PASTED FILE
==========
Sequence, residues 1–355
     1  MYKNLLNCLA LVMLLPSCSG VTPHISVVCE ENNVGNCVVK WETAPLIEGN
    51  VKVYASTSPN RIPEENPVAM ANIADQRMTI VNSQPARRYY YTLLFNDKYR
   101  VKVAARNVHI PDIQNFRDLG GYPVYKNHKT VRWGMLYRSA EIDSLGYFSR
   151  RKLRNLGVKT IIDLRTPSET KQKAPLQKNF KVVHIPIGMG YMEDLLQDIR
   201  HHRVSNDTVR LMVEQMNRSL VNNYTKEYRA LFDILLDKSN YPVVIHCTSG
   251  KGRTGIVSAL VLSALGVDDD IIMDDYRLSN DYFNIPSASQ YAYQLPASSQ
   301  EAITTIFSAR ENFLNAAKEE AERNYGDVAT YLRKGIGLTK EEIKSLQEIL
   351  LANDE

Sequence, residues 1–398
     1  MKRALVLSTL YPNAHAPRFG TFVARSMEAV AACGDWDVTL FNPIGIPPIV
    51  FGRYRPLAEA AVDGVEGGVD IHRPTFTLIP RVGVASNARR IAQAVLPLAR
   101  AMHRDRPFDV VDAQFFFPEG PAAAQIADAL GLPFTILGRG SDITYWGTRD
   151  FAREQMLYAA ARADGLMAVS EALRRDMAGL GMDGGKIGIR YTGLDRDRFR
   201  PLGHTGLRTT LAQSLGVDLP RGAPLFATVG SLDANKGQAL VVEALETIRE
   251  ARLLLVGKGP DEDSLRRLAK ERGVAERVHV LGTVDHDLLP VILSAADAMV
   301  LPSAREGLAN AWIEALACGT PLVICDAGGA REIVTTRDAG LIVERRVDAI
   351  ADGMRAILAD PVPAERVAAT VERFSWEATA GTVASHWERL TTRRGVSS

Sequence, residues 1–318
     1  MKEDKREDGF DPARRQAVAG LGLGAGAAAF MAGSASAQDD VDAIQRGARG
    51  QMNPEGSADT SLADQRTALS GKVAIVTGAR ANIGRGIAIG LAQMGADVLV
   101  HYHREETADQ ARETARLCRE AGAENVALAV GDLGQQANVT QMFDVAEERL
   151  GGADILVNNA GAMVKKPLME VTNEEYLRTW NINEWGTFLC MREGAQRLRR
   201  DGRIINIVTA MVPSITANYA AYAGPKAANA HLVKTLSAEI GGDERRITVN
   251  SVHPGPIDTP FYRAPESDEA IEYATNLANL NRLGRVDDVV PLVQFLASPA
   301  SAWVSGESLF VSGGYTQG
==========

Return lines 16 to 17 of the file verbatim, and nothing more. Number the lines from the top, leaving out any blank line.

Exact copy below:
   251  ARLLLVGKGP DEDSLRRLAK ERGVAERVHV LGTVDHDLLP VILSAADAMV
   301  LPSAREGLAN AWIEALACGT PLVICDAGGA REIVTTRDAG LIVERRVDAI